We’ve fired the occasional customer before, and it’s a great feeling. Sometimes it’s only in hindsight that you realize how much time and money that one customer was causing you, and how much more money you can make by focusing your efforts on other customers.

And since you opened this in the Pit, tell the guy to go fuck a cactus.

In a previous life, I had a client like that. I had the satisfaction of testifying against him in his embezzlement trial, where he got 15 years without probation.

Sounds like a normal income tax season at my office. :slight_smile:

Although, like the OP, most of our clients are pretty professional about it. Still, every year there’s someone who refused to any tax planning for the last twelve months and who wants instant answers to complex tax questions that are asked piecemeal so that we can never quite tell what the real question is.

Start CCing his boss on all replies.

I used to work for a company that at one point started having the Big Regional Kahunas do a round of visits to the factories explaining the previous year’s results, strategic changes and stuff like that. Most of us in factories would already know for example if there was a new factory being built, but had no idea about stuff going on in Sales or about new Logistics agreements; the people from Logistics might not have known yet about the new product line that was getting more sales orders than we could cover. Having someone come, explain those things, answer questions, take suggestions… was very well received.

One year, someone had had the idea of “paretizing the customers”, getting rid of that small amount that would be causing most of the problems: they asked each CSR (B2B salesperson) to name two customers she’d love to never hear from again. Some only had one, one asked if she was allowed to name three. A handful of names came up again and again; others only came up once but they only had contact with that one CSR. Those customers got fired.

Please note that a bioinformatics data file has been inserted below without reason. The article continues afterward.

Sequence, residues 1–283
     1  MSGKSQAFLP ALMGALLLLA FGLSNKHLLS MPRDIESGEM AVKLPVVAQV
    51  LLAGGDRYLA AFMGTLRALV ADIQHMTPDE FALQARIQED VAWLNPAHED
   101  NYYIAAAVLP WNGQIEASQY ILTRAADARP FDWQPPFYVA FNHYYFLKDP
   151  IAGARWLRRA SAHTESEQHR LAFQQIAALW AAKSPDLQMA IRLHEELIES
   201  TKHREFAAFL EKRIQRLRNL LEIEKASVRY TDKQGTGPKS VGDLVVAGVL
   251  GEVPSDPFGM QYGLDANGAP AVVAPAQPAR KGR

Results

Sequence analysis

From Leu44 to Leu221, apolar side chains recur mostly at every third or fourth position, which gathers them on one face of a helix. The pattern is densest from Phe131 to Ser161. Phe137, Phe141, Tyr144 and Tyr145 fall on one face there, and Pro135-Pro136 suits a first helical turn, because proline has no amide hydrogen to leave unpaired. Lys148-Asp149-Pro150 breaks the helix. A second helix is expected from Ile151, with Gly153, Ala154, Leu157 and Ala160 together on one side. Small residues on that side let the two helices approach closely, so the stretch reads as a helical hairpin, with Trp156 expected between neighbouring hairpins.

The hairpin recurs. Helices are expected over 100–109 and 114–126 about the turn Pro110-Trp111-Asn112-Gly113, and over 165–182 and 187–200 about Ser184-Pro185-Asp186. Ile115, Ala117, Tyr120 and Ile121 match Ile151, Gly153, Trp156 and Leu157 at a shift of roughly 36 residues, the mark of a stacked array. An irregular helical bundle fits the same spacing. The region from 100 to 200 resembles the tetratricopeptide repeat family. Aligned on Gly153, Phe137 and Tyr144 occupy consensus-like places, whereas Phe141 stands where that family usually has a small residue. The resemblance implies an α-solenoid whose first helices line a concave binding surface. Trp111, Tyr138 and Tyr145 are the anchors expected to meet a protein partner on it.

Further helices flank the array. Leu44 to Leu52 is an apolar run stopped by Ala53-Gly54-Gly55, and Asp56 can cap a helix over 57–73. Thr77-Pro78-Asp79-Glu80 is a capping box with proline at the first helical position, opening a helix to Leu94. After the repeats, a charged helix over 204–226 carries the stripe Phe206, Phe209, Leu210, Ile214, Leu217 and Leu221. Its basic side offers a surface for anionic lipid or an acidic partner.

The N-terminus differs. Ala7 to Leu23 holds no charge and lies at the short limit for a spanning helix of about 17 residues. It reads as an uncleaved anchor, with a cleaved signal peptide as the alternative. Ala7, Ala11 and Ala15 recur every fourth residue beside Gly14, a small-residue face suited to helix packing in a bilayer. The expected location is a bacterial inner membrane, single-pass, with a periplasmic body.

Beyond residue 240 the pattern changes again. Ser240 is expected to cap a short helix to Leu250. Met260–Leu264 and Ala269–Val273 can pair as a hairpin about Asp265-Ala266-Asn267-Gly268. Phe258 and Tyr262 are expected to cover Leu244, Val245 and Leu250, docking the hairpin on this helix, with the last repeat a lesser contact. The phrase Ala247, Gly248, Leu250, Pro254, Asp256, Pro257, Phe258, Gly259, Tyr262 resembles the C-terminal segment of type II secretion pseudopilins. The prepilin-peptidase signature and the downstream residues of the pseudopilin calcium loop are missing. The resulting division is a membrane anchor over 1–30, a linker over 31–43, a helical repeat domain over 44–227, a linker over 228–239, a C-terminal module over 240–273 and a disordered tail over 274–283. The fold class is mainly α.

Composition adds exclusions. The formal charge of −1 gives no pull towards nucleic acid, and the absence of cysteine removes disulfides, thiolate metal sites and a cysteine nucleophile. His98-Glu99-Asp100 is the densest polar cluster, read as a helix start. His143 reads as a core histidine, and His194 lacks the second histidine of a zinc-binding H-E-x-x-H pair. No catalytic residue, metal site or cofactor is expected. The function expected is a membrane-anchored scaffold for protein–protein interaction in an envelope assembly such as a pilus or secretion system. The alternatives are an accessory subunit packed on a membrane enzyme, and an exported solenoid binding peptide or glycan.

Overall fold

Sales volume went up. Sales income went up. Overtime went down. CSR satisfaction went up. Customer satisfaction went up. The general evaluation was “pity we didn’t do it sooner!”

I hope y’all can get a better contact person, or maybe a water bottle to use on this one… bad customer! Bad! Bad!

Mrs. Gap, who is a wise woman, once told me that sometimes the best customer is one you don’t have. Firing a customer is not a mortal sin.
She never mentioned the cactus thing, but I suspect she would agree.

Sounds like maybe someone needs to start communicating with this cat by phone? I’ve found that a very effective way of ending what I like to call “A Night of 1000 Emails”

First, contact the boss.
If Boss does not rein in idiot:
cc (or bcc) the boss on every damned email - even if you don’t reply to the email, forward it to his boss.

See how boss likes the view.

You didn’t say what position whiny-butt has at his company, but it sounds like you need to arrange for a polite manager to manager or vp to vp conversation about professional and acceptable email communications. Otherwise, I hope you can just tell them that they need to appoint another point of contact or find another vendor.

Since he tends to copy several dept distribution lists on all his emails, I’m assuming that one of our managers will get sick of his crap and call him on the carpet, if they haven’t already. The email where he said “guess I hit a nerve” made me think someone called him. Personally, I am staying totally out of it. I’m just in one of the distro’s that he keeps including.